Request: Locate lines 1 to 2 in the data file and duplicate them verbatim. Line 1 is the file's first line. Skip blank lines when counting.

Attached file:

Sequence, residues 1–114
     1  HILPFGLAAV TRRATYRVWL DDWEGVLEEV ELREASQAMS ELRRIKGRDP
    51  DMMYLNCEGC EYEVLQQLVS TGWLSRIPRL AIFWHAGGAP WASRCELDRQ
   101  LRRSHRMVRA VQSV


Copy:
Sequence, residues 1–114
     1  HILPFGLAAV TRRATYRVWL DDWEGVLEEV ELREASQAMS ELRRIKGRDP